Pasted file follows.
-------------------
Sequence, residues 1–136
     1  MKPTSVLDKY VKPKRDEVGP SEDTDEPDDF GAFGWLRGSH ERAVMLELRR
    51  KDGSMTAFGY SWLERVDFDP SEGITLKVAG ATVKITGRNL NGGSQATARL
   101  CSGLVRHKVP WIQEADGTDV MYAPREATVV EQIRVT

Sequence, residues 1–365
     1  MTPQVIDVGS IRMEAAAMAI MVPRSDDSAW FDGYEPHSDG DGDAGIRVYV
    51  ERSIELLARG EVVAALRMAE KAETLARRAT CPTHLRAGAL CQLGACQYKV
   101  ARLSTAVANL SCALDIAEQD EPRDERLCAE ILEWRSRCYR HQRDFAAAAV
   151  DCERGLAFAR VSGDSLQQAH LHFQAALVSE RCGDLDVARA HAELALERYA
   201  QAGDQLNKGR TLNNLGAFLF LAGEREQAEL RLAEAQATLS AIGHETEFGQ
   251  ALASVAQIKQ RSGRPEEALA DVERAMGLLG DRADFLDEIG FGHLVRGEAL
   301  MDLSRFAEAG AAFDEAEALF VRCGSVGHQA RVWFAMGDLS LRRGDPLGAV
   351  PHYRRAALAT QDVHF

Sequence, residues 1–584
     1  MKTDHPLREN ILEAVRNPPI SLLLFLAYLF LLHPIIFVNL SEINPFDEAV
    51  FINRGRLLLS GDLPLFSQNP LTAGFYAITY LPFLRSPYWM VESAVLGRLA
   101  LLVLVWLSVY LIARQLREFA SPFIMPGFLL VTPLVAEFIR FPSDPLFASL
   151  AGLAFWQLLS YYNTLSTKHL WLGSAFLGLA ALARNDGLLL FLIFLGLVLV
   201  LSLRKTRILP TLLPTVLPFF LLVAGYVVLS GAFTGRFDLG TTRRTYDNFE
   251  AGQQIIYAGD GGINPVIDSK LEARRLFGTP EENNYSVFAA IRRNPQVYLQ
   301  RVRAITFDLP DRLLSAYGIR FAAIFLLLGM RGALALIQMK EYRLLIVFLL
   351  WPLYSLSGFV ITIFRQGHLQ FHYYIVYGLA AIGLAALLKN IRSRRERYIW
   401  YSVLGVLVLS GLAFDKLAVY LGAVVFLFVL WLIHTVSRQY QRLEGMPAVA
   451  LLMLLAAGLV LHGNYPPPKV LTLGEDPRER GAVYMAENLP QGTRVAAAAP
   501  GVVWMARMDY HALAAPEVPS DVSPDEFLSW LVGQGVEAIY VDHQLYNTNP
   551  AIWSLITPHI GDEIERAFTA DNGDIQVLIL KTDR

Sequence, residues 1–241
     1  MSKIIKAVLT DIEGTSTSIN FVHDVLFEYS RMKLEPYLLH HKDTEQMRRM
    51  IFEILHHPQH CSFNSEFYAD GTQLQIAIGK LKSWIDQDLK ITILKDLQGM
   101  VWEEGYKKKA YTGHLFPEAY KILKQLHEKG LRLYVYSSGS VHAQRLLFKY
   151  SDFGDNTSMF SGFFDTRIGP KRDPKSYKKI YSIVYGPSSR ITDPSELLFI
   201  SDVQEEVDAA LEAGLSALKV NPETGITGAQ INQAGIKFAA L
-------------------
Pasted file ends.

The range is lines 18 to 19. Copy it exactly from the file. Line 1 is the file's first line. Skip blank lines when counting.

   151  AGLAFWQLLS YYNTLSTKHL WLGSAFLGLA ALARNDGLLL FLIFLGLVLV
   201  LSLRKTRILP TLLPTVLPFF LLVAGYVVLS GAFTGRFDLG TTRRTYDNFE